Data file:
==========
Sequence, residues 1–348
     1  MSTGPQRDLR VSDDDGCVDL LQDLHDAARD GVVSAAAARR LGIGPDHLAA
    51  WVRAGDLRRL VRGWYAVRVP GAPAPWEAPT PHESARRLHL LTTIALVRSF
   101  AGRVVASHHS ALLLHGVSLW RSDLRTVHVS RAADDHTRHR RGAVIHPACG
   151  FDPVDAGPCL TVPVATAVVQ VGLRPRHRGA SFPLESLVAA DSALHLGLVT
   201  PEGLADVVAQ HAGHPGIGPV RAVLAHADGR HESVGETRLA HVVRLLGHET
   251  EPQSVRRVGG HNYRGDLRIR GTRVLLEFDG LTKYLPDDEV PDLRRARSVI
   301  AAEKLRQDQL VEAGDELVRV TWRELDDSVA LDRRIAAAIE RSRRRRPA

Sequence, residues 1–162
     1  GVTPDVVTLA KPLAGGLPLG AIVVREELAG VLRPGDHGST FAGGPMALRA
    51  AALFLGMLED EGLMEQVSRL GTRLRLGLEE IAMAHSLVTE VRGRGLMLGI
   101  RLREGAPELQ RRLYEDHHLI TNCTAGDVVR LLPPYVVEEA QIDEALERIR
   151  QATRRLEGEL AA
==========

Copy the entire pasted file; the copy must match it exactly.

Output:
Sequence, residues 1–348
     1  MSTGPQRDLR VSDDDGCVDL LQDLHDAARD GVVSAAAARR LGIGPDHLAA
    51  WVRAGDLRRL VRGWYAVRVP GAPAPWEAPT PHESARRLHL LTTIALVRSF
   101  AGRVVASHHS ALLLHGVSLW RSDLRTVHVS RAADDHTRHR RGAVIHPACG
   151  FDPVDAGPCL TVPVATAVVQ VGLRPRHRGA SFPLESLVAA DSALHLGLVT
   201  PEGLADVVAQ HAGHPGIGPV RAVLAHADGR HESVGETRLA HVVRLLGHET
   251  EPQSVRRVGG HNYRGDLRIR GTRVLLEFDG LTKYLPDDEV PDLRRARSVI
   301  AAEKLRQDQL VEAGDELVRV TWRELDDSVA LDRRIAAAIE RSRRRRPA

Sequence, residues 1–162
     1  GVTPDVVTLA KPLAGGLPLG AIVVREELAG VLRPGDHGST FAGGPMALRA
    51  AALFLGMLED EGLMEQVSRL GTRLRLGLEE IAMAHSLVTE VRGRGLMLGI
   101  RLREGAPELQ RRLYEDHHLI TNCTAGDVVR LLPPYVVEEA QIDEALERIR
   151  QATRRLEGEL AA